A Birmingham teenager, who has worked tirelessly to tackle the stigma surrounding mental health by sharing the story of her battle with anorexia, has been named West Midlands Thrive Mental Health Superstar for 2020.
Sophia Badhan, aged 18, from Sutton Coldfield, won the top award at last night’s (Wednesday 29 January) West Midlands Combined Authority (WMCA) event.
She was one of 13 winners at the Thrive awards, which celebrate the people, teams or organisations who have made a significant contribution to improving mental health in their area.
Sophia, who is currently on a gap year after leaving school, was nominated in the Young Person category for delivering tailored workshops championing early intervention and encouraging fellow school pupils to talk openly about mental health.
She has also spoken at a national conference of healthcare professionals about the importance of involving young people in their own care, and works with a number of local NHS trusts.
“I have lived experience of mental health issues – I was in hospital and I felt that the services weren’t there for me when I needed them and so I decided to make a change,” she said.
“I work with the mental health youth board Think 4 Brum and I go into schools and encourage positive talk among young people around mental health.
“Winning this award means everything to me. If I could have seen myself here four years ago, I wouldn’t have believed it.”
More than 200 people – most of whom have professional or personal experience of mental health issues – celebrated the achievements of all the nominees at last night’s Thrive awards ceremony, which was hosted by broadcaster Adrian Goldberg at The Hawthorns, West Bromwich Albion FC.
Details of the other 12 winners follow below:
Birmingham and Solihull: Khalid Ali, who is a volunteer governor at Birmingham and Solihull NHS Mental Health Foundation Trust, mentors young people at Birmingham Urban Rhythm Network (BURN) to help them recover from the impact of knife crime and gang culture, and recently set up Think about Mental Health, a new organisation to improve access to mental health services for young people.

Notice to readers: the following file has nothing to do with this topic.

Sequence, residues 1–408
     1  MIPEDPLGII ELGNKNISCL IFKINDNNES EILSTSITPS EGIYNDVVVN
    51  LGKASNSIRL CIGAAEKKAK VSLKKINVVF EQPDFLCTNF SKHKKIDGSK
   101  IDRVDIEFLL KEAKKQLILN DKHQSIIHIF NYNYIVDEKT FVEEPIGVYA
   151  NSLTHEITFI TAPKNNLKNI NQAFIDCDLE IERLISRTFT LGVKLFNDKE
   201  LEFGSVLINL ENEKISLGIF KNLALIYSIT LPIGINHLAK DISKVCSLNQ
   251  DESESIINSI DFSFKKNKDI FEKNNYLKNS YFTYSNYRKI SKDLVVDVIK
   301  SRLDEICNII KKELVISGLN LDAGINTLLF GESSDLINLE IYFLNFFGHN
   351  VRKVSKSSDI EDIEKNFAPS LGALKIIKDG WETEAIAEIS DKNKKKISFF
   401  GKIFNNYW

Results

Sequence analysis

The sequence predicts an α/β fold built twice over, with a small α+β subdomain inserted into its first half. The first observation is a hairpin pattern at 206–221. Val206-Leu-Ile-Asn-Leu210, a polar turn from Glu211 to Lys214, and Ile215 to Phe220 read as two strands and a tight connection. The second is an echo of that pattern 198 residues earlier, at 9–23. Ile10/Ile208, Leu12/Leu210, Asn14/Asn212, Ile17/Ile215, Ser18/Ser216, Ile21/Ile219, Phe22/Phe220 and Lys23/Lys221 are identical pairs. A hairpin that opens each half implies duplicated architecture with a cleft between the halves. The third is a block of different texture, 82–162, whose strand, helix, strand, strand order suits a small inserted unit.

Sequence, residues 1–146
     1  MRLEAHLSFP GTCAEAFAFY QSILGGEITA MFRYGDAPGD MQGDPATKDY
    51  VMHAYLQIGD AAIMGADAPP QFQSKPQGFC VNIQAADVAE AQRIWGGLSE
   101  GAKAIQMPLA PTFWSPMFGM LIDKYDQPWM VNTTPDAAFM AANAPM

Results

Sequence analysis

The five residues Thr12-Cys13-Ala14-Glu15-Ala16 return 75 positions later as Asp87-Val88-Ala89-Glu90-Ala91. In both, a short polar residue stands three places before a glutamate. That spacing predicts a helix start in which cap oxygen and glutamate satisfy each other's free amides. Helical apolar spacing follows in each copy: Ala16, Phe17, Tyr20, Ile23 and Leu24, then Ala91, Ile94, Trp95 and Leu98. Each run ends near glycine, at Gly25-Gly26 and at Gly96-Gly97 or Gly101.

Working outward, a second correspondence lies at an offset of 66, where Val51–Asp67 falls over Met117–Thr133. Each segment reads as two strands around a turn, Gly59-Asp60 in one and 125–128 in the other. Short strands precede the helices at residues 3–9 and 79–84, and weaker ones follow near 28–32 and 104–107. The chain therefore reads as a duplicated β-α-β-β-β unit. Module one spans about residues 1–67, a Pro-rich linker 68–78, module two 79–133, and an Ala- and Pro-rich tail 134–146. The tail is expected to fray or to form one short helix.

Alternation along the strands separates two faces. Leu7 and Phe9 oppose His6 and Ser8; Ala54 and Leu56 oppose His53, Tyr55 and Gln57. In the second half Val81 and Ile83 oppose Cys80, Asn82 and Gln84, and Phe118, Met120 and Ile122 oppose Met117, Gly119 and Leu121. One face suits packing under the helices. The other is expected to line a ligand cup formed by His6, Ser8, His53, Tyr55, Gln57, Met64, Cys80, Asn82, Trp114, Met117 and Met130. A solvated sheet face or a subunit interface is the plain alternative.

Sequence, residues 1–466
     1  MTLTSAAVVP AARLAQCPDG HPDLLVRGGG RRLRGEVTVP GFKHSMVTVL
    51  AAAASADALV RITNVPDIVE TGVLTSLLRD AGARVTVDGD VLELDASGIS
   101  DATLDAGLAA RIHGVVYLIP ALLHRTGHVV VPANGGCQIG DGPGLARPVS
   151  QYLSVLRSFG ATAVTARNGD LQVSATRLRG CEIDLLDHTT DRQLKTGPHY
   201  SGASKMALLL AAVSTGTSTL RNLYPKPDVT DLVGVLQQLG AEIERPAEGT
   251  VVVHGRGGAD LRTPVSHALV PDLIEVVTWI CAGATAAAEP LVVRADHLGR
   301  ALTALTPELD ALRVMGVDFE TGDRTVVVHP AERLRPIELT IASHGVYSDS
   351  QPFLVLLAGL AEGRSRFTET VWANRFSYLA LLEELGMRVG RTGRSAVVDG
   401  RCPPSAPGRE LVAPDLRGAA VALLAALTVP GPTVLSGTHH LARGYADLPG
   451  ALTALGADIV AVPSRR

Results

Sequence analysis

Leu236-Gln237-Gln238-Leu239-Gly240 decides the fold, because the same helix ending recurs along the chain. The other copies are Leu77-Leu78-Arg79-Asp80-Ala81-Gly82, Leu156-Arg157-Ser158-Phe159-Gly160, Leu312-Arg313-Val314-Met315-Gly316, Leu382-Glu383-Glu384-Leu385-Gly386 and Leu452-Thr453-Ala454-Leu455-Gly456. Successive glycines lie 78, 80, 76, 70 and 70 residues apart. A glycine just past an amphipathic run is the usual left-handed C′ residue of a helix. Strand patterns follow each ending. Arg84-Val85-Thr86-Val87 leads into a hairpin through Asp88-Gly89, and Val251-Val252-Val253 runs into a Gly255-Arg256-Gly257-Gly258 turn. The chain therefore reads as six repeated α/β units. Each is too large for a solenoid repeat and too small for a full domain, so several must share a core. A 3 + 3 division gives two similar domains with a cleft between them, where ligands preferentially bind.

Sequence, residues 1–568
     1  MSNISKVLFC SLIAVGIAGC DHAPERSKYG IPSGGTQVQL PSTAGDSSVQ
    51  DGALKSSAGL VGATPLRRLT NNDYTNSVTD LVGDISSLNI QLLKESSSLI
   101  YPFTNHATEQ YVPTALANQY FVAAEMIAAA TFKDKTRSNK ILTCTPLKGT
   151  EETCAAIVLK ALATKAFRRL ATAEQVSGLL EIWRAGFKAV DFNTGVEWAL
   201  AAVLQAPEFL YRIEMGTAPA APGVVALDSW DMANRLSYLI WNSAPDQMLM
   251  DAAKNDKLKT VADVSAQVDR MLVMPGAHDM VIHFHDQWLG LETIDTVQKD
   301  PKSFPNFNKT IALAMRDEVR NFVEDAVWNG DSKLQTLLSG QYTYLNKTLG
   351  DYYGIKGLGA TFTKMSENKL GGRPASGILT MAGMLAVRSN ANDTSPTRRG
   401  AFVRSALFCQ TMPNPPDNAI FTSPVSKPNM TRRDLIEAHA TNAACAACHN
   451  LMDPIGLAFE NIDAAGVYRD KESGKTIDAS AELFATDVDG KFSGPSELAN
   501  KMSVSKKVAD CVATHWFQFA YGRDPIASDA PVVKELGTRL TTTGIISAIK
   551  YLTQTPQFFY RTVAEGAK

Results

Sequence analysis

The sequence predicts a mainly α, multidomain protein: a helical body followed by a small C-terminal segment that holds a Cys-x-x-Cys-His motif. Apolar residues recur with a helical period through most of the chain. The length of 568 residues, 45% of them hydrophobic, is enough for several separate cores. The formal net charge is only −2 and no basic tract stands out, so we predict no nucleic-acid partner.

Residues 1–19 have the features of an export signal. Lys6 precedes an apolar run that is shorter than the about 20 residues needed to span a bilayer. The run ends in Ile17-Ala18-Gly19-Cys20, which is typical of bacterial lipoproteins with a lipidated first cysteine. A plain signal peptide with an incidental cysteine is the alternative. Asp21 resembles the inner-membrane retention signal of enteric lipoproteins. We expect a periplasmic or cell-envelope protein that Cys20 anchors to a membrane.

Black Country: Sam Chatwin, who set up a Facebook group encouraging people struggling with mental health to meet up in a local pub and has grown this community of a few dozen people to more than 500 members.
Coventry, Warwickshire and Redditch: Leanne Howlett, who founded By Your Side, a forum which supports parents from Coventry and Warwickshire with perinatal mental health problems after experiencing these herself. She organises a range of social events and activities for affected mothers and fathers.
Shropshire, Telford & Wrekin, Herefordshire, Cannock Chase and Tamworth: Louise Dutton, who provides voluntary support at Stafford Hospital to help local families understand health care services and empower them to make decisions about the care that is right for them.
Team, Service or Organisation
Birmingham and Solihull: The Bedlam 2019 Festival, a partnership which promotes mental health and wellbeing through the arts. More than 30,000 people were captivated by performances and exhibitions, including the dramatization of the highly stigmatised subject of perinatal mental health issues affecting the South Asian community.
Black Country: Brushstrokes, which offers a wide range of community-led activities for migrants in one of Sandwell’s most deprived areas, helping some of the most vulnerable groups in society to feel valued and connected.